1st class dining room


Jan 5, 2001
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Randy,

A bit of a late reply, but I could not remember offhand where the quote was from. I had it written down in a notebook; but I recall now that I took it from White Star's 1911 78-page advertising brochure, 'Olympic & Titanic: The Largest Steamers in the World.'

As another item of interest, the same brochure describes the first class reception room's Axminster carpet in some detail, as well as the Aubusson (is that the right spelling?) tapestries, but there's no mention of the first class dining room floor.

If memory serves, the veranda cafe, smoke room, turkish bath, gymnasium, were tiled, often due to practical necessity. The first class lounge was carpetted, while the reading and writing room was also. Titanic's cafe parisian floor was essentially similar to the normal wooden decking, while the B-deck reception area outside the restaurant was tiled.

Best regards,

Mark.
 
Mar 3, 1998
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Nigel,

No, not Shipbuilder, but from individual publicity photo stills (although some of these photos were included in Shipbuilder, I find the originals have better clarity of detail) and publicity brochures.

I'm not sure why you feel the Debris Field's description of the Dining Room tile doesn't fit my reconstructed tile...I like it fits perfectly.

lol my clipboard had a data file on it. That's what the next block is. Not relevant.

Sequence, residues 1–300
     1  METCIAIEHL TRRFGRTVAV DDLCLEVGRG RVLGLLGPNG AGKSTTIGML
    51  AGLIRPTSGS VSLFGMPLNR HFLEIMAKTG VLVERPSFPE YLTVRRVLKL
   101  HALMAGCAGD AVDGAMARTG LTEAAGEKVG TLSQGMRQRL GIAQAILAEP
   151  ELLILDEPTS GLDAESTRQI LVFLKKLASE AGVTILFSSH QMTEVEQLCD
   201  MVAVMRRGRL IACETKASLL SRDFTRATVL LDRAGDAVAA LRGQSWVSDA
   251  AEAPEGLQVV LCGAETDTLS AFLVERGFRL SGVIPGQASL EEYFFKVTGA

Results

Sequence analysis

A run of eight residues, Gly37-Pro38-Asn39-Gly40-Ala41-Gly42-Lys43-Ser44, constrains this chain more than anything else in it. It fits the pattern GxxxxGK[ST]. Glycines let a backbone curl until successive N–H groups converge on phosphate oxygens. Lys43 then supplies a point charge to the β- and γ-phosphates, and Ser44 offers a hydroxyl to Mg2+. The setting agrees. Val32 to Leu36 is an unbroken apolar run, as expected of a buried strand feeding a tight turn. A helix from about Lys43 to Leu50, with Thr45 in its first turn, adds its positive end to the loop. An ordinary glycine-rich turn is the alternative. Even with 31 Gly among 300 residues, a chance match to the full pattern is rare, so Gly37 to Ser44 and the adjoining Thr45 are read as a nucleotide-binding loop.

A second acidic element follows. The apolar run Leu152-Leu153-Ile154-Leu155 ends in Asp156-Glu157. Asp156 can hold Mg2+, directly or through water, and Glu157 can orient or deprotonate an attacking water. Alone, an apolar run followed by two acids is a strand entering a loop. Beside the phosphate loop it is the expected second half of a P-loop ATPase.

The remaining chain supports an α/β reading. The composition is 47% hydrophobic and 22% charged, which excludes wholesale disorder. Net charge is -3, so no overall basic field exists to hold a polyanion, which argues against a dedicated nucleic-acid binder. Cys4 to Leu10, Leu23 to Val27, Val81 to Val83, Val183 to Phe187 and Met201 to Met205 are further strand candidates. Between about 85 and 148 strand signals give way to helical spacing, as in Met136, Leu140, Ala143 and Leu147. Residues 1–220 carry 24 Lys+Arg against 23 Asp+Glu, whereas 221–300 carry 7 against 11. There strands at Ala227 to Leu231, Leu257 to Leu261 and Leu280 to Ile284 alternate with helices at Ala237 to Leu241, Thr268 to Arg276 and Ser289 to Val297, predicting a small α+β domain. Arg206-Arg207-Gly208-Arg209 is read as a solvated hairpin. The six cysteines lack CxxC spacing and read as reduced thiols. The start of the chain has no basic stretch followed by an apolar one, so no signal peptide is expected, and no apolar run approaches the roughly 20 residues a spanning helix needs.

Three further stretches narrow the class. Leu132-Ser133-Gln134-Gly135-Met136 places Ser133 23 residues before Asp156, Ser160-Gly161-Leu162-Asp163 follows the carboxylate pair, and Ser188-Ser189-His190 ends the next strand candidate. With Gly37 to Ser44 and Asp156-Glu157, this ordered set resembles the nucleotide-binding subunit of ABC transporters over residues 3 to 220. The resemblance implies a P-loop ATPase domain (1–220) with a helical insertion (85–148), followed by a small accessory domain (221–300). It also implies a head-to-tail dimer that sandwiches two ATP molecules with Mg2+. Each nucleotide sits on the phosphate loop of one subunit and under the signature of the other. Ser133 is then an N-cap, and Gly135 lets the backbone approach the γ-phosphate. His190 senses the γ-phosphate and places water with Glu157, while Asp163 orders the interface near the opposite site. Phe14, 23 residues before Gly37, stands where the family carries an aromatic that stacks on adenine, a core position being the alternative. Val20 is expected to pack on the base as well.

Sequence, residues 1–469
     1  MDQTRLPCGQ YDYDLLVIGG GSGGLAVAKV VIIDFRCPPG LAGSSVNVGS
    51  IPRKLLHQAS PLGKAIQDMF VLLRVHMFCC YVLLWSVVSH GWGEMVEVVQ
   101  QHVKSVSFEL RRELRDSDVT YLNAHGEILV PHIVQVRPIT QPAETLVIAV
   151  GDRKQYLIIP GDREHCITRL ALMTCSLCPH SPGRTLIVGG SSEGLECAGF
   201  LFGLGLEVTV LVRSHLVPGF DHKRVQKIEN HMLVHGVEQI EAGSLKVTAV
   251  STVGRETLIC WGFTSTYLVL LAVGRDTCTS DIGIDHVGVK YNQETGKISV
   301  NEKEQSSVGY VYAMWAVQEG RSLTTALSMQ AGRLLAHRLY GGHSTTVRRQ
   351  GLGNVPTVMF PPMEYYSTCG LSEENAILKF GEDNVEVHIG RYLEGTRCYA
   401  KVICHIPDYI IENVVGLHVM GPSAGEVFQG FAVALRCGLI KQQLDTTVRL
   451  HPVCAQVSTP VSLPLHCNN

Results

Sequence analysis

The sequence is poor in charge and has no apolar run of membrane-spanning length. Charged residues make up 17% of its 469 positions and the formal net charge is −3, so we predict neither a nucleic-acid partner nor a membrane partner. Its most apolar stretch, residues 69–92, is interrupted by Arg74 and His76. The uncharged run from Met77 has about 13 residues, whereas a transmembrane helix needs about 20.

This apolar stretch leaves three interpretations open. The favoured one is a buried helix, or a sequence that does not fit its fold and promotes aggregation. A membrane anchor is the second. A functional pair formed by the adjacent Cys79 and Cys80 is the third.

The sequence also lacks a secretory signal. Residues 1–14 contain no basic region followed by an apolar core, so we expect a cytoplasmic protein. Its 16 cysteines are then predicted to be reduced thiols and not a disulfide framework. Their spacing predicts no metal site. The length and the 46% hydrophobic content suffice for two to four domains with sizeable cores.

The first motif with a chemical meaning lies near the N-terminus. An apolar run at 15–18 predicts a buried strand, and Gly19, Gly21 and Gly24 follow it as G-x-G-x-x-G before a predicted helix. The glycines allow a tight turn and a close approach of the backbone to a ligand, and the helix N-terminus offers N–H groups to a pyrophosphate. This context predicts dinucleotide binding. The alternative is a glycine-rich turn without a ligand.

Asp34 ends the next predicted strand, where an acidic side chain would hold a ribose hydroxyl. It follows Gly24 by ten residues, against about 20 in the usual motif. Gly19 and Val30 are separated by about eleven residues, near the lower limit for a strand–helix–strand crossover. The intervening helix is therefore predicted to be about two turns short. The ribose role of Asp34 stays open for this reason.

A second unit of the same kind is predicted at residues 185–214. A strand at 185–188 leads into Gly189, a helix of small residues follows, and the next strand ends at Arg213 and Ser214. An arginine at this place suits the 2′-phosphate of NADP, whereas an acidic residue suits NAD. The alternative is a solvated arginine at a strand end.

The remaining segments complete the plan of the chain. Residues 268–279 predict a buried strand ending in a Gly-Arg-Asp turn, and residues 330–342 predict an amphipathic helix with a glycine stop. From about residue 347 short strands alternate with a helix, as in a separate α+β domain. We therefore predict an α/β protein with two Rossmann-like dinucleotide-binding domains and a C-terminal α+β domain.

I'm not telling you to accept the colours of my tiling unquestioningly. All I am saying is that I reconstructed the tile with as much material I could find. The colours you see are the result of my attempt to reconstruct the original hue of the colours found on the recovered tile pieces. Because of the lack of definitive proof, though, my work on the tile is ongoing. In one of those cosmic moments where everything seems to happen at the same time, I had been corresponding over the past couple of weeks with Ken Marschall about floor tiles and because of your recent questions, I asked him just last night about the hue of the colours I am using for the Dining Room tile. He's going to think on it and hopefully come back with some corrections.

I hope that you are not using my wallpaper as a guide, because I lighten the brightness and contrast so that the background does not intrude upon the overlying text. This plays havoc with the colours. There is a small sample of the tile in my original colours on the "Trivia" page, which I keep small so that the depiction cannot be easily pirated.

Parks
 

Nigel Bryant

Member
Jan 14, 2001
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Can you keep me posted about Ken Marshall's conclusion? Did each square sized tile have different colors to create a multi-colored effect.Or did all the same colors like the light blue,red,yellow run through all the tiles on the entire floor in the Dining Saloon?

Regards Nigel Bryant
 
Aug 29, 2000
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Now I have to dig around to find where I read that small rose-shaded table lamps (in the center) were to be found in the a la carte restaurant, with vases of fresh flowers- over the years I have gone nearly mad trying to find out if roses or daffodils were the correct flowers. Daffs don't last too long, but they would have been seasonal. Roses would have been more elegant, repeated the rose motif- and probably have lasted better. At my "Last Dinners" every April 14th, I alternate flowers just in case!
 
Jan 5, 2001